The Man Came Around

Review

26th January 2024
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The Man Came Around is a game of complex moral decisions, where you attempt to navigate across a militarised border with a group of people fleeing an authoritarian regime. Organise sat down with its developer, Thierry, to talk about indie game creation, the game, and the all-too-real politics and events that inspired it.

Thierry: Making games is something that I always wanted to do since I was a teenager but, at the time, being a game developer wasn’t on the cards, it was less accessible. So I went to university, but after that I found there were formal lessons on it, my dream was really possible, so I jumped in. This is the thing that I wanted to do for so long, I thought, ‘Oh, it’s not going to be that difficult.’ I had no idea how hard it would be.

What was it that surprised you with the difficulty?

Thierry: I mean, some difficulties were understandable. I had no programming background, so learning to code was… a process to say the least. I also had no artistic background, so that was another anticipated struggle. The thing you never think about though, as an indie solo developer, is all the other stuff that goes with creating a game: the time management, the marketing, the financial management, grant applications, running a crowdfunder, setting up a business. You think, oh, I’m just going to develop a game and it’s going to be great. But all those things add up and then you need to be proficient at a lot of stuff that you didn’t consider at first.

I also made another very common mistake, thinking that my game was not going to take that long! In my case, it took seven years to do it. For a couple of years, I was just learning and of course these last years weren’t easy for anyone, which slowed things down. Also, being a solo developer, if anything happens to you, if you get sick, or burnt out, it really slows things down.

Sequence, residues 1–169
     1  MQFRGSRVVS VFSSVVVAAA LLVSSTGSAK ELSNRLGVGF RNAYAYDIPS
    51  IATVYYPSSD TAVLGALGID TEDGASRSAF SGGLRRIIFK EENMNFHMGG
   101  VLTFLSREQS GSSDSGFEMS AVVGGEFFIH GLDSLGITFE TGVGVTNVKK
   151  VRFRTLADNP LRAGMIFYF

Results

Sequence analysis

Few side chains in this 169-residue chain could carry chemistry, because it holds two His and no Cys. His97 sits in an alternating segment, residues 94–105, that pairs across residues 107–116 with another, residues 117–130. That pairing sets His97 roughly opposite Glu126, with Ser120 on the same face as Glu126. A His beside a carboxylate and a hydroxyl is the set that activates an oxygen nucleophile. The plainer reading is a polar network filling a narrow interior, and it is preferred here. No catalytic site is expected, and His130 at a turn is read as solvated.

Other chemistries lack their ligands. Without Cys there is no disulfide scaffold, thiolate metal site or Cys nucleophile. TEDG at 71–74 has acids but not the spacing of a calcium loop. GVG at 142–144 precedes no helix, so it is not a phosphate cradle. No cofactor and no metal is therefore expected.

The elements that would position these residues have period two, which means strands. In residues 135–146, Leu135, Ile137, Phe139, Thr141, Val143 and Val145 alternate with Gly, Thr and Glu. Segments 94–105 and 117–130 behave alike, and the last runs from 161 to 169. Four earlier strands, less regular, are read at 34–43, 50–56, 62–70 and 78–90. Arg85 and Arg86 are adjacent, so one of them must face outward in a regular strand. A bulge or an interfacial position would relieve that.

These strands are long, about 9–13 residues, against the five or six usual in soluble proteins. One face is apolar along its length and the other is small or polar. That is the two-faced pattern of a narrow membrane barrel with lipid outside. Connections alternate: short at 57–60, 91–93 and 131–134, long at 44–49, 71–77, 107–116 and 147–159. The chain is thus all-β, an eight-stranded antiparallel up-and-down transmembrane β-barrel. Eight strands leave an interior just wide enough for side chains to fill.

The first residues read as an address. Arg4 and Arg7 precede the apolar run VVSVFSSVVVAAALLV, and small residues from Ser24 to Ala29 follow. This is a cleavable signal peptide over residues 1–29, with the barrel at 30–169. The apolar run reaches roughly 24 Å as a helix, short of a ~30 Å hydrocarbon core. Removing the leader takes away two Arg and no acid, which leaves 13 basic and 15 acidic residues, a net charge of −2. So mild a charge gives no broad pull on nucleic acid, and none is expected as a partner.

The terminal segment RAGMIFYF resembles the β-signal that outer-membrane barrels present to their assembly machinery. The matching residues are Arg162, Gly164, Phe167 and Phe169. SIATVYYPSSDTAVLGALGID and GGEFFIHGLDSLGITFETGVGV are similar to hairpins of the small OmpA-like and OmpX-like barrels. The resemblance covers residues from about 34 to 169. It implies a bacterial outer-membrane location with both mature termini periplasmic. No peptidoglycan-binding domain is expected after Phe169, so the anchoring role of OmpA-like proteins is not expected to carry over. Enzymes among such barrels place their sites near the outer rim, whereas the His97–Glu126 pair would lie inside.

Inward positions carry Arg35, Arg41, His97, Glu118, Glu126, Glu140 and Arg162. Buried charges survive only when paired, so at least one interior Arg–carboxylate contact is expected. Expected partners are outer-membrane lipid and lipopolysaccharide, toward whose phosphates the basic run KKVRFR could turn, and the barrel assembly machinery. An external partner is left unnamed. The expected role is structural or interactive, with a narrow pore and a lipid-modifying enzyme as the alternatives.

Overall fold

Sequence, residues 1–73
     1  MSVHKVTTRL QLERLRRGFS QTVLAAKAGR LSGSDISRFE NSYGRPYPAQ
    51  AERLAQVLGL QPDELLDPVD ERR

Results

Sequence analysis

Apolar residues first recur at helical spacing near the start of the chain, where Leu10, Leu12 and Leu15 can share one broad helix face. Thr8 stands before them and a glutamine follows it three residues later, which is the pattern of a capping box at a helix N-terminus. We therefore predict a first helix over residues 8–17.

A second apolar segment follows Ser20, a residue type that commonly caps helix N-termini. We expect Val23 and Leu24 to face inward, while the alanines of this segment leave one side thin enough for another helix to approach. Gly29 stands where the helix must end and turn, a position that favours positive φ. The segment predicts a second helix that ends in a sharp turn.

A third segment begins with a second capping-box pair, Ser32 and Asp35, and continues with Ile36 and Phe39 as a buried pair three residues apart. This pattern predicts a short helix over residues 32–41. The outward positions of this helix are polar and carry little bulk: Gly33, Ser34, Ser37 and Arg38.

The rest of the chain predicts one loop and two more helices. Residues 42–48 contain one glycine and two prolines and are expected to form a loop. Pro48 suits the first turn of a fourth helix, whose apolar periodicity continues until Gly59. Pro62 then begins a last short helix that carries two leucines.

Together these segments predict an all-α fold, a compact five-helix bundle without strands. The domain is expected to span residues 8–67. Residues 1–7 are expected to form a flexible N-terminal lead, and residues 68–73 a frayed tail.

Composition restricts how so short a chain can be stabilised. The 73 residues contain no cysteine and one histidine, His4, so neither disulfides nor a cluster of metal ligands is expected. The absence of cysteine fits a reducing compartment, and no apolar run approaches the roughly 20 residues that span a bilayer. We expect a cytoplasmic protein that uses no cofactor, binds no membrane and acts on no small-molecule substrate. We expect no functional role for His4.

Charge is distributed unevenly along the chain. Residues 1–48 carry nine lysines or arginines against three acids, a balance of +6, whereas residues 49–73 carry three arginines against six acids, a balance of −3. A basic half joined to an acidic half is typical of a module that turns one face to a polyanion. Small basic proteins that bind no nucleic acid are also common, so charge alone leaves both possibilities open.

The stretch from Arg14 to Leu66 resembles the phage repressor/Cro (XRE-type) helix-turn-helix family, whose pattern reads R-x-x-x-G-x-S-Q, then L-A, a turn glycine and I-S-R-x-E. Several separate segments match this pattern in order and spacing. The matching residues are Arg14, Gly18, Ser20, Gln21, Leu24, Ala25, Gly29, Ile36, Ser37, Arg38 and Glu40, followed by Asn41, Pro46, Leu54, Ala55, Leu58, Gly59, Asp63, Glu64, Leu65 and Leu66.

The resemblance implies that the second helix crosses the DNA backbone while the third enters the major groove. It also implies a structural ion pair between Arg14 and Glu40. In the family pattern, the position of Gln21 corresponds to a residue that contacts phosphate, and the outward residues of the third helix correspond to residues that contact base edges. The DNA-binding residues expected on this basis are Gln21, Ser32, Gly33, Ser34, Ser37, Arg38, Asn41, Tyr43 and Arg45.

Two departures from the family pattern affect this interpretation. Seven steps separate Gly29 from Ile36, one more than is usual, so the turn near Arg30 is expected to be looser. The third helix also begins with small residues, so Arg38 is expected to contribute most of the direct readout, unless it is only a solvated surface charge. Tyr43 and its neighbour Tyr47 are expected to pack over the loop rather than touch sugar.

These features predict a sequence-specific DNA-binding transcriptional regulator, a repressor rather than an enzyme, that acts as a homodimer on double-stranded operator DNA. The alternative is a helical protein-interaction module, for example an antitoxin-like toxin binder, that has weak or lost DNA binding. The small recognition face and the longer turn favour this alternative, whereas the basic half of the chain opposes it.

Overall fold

Seven years is a big chunk of time. How did you manage to support yourself while you were working on it?

Thierry: Many different ways. First off, my family helped me and I like to be honest about that. I think a lot of times people don’t really understand how the financing works and having money upfront makes a big difference, so getting help from family, friends, and fools, is a way to do it.

Alongside that, I did freelancing, teaching kids to code, and set up a crowd funder. I also got support from a regional state institution in Belgium - they have some game funds you can apply to get loans or grants. When you start, you will think how it’s going to be right, but finding funds is important if you like to pay your rent and being able to eat. And it’s also a skill because you’re going to have to do funding requests and a lot of paperwork that you never thought you would do.

With all of that, would you recommend anyone else tries to become a solo developer?